The 'O Antiphons' (an antiphon is a spoken response in a church service) have been used in liturgical Christian traditions since as far back as the sixth century. They are spoken before reading the Magnificat at Evening Prayer during the last seven days of Advent.
My thanks to Malcolm Guite for these poetic reflections. Here is the one for 18th December: O Adonai – O Lord
O Adonai, et Dux domus Israel, qui Moysi in igne flammae rubi apparuisti,
et ei in Sina legem dedisti:
veni ad redimendum nos in brachio extento.
Detail of a Levite City in Galilee mapped by the English cartographer Thomas Fuller, from A Pisgah Sight of Palestine, 1650 ISRAEL MUSEUM, IIAN STZULMAN O Adonai, and leader of the House of Israel,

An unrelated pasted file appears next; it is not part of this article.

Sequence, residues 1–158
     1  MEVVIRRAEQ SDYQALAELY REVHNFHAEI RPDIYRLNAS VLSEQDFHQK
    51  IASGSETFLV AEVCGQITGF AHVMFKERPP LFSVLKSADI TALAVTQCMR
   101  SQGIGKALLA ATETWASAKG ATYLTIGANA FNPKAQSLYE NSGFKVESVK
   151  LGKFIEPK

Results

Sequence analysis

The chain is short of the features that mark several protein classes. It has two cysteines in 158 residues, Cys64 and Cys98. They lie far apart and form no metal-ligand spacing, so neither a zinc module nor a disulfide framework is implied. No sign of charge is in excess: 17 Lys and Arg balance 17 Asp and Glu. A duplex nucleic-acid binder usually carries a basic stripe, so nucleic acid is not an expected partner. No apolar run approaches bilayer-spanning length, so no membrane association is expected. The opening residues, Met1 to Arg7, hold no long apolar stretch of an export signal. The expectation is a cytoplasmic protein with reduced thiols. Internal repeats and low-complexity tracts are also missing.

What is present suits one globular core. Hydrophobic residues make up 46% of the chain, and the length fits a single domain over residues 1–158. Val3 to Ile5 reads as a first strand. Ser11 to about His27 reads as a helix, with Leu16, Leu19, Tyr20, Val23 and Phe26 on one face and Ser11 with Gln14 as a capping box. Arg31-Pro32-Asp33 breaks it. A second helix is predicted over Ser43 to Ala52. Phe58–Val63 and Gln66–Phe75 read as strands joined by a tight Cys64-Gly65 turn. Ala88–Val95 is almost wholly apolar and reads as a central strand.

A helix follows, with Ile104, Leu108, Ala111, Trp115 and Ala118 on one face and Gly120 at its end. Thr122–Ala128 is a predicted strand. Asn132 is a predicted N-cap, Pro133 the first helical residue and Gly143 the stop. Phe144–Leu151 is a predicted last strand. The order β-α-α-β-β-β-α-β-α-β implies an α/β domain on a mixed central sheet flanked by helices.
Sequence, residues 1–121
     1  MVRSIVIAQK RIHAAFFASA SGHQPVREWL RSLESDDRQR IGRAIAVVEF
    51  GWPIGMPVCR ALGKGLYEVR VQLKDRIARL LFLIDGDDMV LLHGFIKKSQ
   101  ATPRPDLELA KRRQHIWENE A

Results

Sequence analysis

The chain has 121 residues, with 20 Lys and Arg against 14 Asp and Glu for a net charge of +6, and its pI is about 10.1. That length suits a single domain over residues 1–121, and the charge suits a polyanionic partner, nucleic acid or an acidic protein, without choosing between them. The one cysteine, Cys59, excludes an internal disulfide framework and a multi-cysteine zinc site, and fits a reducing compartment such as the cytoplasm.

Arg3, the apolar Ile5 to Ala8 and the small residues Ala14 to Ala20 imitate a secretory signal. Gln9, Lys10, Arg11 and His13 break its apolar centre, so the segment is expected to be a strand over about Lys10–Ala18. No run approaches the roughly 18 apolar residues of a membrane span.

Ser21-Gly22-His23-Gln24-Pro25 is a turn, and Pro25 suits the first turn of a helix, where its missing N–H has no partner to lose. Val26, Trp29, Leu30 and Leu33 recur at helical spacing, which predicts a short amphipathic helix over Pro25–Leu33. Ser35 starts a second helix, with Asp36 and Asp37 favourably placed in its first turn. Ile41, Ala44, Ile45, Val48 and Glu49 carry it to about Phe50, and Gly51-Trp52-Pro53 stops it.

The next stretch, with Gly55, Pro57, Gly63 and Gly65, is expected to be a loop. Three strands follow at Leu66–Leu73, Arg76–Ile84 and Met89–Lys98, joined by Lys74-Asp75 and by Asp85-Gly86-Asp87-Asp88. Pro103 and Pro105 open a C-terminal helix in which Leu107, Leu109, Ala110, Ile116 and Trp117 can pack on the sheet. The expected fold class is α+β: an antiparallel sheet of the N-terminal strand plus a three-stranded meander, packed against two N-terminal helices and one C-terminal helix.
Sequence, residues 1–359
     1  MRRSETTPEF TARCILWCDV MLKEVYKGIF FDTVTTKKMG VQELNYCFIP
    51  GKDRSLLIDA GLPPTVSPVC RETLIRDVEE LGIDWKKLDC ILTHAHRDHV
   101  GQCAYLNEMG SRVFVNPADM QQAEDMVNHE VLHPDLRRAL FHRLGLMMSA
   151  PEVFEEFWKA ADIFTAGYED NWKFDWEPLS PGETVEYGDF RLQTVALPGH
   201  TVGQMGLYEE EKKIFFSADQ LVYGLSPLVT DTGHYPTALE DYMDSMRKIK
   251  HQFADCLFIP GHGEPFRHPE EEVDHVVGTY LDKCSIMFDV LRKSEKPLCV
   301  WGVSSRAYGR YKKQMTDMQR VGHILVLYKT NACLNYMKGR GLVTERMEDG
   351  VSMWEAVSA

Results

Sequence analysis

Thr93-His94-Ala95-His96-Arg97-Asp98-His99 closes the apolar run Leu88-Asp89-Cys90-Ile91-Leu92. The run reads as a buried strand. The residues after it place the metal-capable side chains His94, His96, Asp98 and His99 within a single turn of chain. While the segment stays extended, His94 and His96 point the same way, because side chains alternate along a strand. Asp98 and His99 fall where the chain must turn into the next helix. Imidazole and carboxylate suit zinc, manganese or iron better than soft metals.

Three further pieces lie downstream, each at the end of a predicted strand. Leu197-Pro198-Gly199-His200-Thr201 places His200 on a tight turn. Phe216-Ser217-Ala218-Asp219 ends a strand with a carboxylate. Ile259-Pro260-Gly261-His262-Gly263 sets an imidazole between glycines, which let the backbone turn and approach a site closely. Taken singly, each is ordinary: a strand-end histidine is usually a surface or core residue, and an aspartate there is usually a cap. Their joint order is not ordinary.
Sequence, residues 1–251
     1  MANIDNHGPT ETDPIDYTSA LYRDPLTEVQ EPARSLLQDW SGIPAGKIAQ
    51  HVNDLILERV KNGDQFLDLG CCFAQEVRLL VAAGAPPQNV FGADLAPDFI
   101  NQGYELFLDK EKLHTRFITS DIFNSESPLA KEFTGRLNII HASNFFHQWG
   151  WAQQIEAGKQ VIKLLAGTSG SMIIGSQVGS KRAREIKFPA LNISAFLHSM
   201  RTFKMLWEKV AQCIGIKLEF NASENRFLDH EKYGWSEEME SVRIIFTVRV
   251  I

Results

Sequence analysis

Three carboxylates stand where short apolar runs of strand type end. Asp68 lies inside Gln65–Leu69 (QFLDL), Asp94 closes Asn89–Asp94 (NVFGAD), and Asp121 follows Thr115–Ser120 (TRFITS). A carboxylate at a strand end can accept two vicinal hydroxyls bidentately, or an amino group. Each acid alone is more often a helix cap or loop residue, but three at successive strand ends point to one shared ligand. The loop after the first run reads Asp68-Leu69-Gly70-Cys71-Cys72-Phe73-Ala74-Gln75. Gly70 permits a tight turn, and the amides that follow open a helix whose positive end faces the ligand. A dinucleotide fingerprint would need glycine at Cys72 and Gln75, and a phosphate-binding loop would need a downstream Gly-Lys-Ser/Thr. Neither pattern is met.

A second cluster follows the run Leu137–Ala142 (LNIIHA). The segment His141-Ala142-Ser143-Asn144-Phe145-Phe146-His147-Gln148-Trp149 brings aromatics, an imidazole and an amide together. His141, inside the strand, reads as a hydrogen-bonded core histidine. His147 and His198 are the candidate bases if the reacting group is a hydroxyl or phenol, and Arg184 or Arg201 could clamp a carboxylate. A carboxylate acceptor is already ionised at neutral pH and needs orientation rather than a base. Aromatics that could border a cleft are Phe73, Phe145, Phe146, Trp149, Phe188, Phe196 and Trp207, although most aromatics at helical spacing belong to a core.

who appeared to Moses in the fire of the burning bush
and gave him the law on Sinai:
Come and redeem us with an outstretched arm
Unsayable, you chose to speak one tongue,
Unseeable, you gave yourself away,
The Adonai, the Tetragramaton
Grew by a wayside in the light of day.
O you who dared to be a tribal God,
To own a language, people and a place,
Who chose to be exploited and betrayed,
If so you might be met with face to face,
Come to us here, who would not find you there,
Who chose to know the skin and not the pith,
Who heard no more than thunder in the air,
Who marked the mere events and not the myth.
Touch the bare branches of our unbelief
And blaze again like fire in every leaf.